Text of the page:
Therefore, James Burnham indirectly rejected the Marxist theories of history’s philosophy (by affirming that the dichotomy capital/wage was obsolete already) and the perspective of the victory of parliamentarian democracies (by hoping that decisions were no longer made by the Parliament but by the offices). Actually, politicians and traditional owners were gradually replaced by a new kind of technician, of managers.

With this theory, that must be kept in mind is that of the “Synarchist” technocratic movement of the 30s, Burnham became the advocate of an alternative vision about a “neither-the-right-nor-the-left” future, as Raymond Aron expressed. And that was the purpose, precisely: to recruit conservatives, and above all, the non communist left-wing intellectuals for the anti-communist crusade. Such theses were part of the author’s social career.

The son of a chief in a railroad company, after studying in Oxford and Princeton, James Burnham became famous with the foundation of magazine Symposium. After abandoning the Thomistic philosophy, he studied the translation of Trotsky’s first work: The History of the Russian Revolution. He met Sidney Hook and focused on Trotskyist political activities with the foundation of the Socialist Workers Party in 1937.

After being a militant for some time (he participated in the IV International) a controversy with Trotsky marked the beginning of his political conversion. Thus, in 1950 he participated in the foundation of the Congress for Cultural Freedom in Berlin where he held important posts until the end of the 60s. But, in spite of his involvement with the Congress’ networks, and “marked” by his revolutionary past, James Burnham lost his university post during the McCarthyism.

It was in the middle of this political turn –from Trotskyism to anti-communist struggle- that James Burnham wrote The Managerial Revolution which was a useful tool for conversion (that of the author and of the other members of the Congress who often came from Trotskyist circles, particularly the New York Intellectuals [4]).

The rhetoric importation-exportation of the Third Way

The rhetoric of the Third Way (“the end of ideologies”, “the leaders’ technical competition”) brought together in all Western Europe the political groups that participated in the activities of the Congress, a real think tank [a usually political research center devoted to propaganda and the spreading of ideas] in charge of designing an anti-communist ideology welcomed by the conservative right as well as the socialist and reformist left of Europe.
In France, three political trends collaborated with the Congress: the militants of the exRDR (Roussy and Altman), the Gaullist intellectuals (supporters of famous French General De Gaulle) of French magazine Liberté de l’esprit as well as French writer Malraux, and the European federalists.

The official doctrine of the Congress was mainly designed by the New York Intellectuals. Its publications were spread in European countries by transatlantic “liaisons” (pasadores) that guaranteed the transmission of that information as in the case of Raymond Aron who, since the beginning, was involved in the translation of book L’ère des organisateurs; Georges Friedmann, who picked up Daniel Bell’s thesis, author of The End of Ideology published in 1960…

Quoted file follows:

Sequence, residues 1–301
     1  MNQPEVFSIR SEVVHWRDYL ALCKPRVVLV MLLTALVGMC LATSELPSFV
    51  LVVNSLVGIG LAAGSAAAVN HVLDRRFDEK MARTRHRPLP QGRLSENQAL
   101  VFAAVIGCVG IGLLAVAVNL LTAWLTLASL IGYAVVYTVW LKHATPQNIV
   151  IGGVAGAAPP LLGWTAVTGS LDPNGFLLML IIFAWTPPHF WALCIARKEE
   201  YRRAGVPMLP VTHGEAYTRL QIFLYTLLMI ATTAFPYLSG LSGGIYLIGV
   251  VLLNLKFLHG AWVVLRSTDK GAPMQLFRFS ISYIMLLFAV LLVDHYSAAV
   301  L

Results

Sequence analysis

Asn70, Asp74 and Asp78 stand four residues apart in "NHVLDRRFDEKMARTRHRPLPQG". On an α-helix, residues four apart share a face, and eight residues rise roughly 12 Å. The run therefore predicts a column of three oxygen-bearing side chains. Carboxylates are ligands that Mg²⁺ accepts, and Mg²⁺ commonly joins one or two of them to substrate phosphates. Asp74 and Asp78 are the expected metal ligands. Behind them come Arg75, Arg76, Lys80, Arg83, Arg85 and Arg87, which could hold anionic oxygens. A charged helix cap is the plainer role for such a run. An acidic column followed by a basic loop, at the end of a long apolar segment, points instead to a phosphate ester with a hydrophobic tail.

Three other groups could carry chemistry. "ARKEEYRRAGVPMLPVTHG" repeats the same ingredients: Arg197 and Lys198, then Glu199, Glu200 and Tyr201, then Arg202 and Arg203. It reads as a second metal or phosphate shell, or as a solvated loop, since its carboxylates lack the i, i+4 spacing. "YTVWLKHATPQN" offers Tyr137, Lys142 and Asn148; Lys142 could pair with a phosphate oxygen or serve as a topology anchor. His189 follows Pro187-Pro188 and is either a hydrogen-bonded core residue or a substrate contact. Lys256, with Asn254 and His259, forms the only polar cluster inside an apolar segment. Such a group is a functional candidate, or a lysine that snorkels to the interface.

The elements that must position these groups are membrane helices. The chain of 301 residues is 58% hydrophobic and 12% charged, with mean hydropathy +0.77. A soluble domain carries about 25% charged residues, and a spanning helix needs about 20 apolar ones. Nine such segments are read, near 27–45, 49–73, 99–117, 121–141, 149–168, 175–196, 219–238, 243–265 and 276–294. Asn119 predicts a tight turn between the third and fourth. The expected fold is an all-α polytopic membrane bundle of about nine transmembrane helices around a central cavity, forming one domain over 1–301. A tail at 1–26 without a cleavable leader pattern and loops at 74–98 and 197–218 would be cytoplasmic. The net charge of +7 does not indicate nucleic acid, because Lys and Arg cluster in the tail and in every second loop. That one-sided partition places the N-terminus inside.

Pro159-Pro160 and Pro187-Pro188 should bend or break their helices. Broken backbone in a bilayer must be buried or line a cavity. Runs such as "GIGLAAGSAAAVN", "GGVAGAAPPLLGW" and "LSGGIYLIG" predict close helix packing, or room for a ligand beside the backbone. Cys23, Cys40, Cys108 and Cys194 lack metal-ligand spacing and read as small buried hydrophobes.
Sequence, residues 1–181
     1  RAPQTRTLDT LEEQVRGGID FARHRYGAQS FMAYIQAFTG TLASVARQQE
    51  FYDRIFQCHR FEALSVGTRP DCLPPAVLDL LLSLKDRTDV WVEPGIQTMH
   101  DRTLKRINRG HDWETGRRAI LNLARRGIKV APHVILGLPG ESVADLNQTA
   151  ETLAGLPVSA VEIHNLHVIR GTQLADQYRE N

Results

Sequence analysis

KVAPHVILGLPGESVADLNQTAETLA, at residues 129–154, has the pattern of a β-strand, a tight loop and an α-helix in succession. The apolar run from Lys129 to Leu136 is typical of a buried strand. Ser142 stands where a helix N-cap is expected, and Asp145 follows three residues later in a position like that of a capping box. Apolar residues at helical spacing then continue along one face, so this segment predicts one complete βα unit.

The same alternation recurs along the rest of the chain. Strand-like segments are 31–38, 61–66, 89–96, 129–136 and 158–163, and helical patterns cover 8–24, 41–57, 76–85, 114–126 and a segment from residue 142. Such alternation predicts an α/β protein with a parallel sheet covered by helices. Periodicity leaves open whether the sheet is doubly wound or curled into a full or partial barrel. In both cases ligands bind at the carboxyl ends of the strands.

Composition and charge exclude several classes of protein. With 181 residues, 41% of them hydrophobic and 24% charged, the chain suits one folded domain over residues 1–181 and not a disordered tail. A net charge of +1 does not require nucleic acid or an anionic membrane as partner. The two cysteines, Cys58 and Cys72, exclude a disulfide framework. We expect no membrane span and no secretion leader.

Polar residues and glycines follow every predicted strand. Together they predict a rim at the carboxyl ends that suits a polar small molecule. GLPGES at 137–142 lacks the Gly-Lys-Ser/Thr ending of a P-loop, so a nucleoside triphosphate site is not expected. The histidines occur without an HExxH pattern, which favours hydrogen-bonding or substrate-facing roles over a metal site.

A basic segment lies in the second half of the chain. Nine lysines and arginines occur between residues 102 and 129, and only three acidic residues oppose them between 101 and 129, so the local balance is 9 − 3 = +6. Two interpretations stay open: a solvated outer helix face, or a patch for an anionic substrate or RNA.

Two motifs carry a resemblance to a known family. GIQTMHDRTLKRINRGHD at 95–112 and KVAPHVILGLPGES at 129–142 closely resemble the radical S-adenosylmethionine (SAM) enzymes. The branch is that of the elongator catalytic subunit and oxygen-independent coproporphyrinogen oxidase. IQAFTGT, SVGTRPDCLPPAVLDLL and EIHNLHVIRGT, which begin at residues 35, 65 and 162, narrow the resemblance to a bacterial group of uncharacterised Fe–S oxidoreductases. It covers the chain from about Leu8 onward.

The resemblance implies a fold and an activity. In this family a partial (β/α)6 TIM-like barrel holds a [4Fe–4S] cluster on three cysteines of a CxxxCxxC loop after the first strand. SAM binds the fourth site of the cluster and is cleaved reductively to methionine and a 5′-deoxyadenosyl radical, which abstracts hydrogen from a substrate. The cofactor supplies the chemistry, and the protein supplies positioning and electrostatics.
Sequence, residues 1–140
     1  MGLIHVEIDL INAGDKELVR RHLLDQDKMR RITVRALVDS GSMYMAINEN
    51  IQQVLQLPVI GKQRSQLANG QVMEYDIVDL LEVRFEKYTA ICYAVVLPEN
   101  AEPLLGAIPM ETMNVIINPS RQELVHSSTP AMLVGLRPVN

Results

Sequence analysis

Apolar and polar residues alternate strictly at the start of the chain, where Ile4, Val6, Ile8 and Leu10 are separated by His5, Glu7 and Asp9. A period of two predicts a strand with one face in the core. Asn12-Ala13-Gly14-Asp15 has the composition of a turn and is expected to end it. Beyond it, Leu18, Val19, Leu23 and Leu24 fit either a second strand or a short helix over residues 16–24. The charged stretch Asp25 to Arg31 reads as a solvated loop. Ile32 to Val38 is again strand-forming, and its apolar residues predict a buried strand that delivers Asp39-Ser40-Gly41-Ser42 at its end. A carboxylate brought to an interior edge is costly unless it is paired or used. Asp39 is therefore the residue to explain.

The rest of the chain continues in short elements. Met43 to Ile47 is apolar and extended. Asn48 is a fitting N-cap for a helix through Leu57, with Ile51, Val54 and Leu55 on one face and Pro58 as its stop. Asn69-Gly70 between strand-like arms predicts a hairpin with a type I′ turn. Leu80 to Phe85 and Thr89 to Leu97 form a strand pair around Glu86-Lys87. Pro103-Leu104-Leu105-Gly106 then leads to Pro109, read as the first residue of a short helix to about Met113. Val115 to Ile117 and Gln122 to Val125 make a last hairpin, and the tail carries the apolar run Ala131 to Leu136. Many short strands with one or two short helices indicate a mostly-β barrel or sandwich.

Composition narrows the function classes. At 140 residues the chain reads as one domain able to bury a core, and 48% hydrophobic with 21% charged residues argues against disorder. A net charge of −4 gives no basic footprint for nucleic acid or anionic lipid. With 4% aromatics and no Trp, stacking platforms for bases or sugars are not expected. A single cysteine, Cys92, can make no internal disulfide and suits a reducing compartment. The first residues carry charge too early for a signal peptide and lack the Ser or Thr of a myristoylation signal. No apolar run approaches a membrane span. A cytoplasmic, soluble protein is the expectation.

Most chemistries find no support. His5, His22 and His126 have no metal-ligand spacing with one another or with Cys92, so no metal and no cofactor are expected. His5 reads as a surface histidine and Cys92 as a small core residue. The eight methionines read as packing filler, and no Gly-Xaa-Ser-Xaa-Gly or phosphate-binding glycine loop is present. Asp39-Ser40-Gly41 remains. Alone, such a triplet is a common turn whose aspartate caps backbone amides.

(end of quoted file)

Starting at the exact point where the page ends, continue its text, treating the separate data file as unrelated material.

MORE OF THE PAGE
In France, these “liaisons” (pasadores) were mainly intellectuals who had been ostracized from university circles; the Center for Sociological Studies (CSS) was the Congress’ recruiting reserve supported by the Commissariat du Plan [5].

Edgar Morin

Actually, the planners have given most of the research credits to economists and sociologists who wanted to enlist themselves with the purpose of legitimating their decisions. Thus, CES’ researchers Edgar Morin, Georges Friedmann, Eric de Dampierre were present in the anniversary Congress of 1960.
The French intellectuals of the Congress published their ideas in magazine Preuves, the French copy of Der Monat. The recruiting was guaranteed by the Parisian delegate to the Congress, a post that was occupied by New Yorker intellectual Daniel Bell, who granted research credits and scholarships (in the United States) to young European intellectuals in return for their collaboration in the anticommunist struggle.

This effective recruiting strategy culminated in the “demarxization” (according to the term used by Domenach, director of Esprit) of certain circles of intellectuals which were related to the Communist Party somehow.

Raymond Aron: an intellectual of the first generation

Raymond Aron, involved in the French activities of the Congress until the 1967 scandal, was the importer of the New York Intellectuals’ theses. In 1947, he made his friend James Brunham’s book to be translated (socialist Léon Blum wrote the prologue to the first edition of L’ère des organisateurs) and decided how the Third Way theories’ were going to be spread.